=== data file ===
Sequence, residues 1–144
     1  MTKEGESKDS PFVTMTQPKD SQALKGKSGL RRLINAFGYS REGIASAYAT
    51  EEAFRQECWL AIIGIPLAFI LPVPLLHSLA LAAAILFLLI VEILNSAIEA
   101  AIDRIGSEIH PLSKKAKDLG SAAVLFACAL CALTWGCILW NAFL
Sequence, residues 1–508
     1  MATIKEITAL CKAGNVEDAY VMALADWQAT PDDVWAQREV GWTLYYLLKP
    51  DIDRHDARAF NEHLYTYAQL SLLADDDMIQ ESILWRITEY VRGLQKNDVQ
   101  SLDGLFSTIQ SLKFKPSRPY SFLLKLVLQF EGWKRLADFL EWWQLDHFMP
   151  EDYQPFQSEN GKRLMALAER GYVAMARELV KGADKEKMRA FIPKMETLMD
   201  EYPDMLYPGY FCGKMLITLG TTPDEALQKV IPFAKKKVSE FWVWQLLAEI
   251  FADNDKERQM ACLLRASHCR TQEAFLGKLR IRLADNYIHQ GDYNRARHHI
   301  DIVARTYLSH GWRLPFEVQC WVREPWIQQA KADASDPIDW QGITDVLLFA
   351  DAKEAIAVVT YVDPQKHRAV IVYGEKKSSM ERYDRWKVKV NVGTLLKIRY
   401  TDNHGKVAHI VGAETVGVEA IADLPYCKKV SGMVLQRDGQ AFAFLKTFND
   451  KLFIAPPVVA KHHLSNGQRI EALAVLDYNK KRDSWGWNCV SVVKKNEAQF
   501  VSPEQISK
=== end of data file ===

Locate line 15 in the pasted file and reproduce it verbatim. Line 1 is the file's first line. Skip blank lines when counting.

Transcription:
   451  KLFIAPPVVA KHHLSNGQRI EALAVLDYNK KRDSWGWNCV SVVKKNEAQF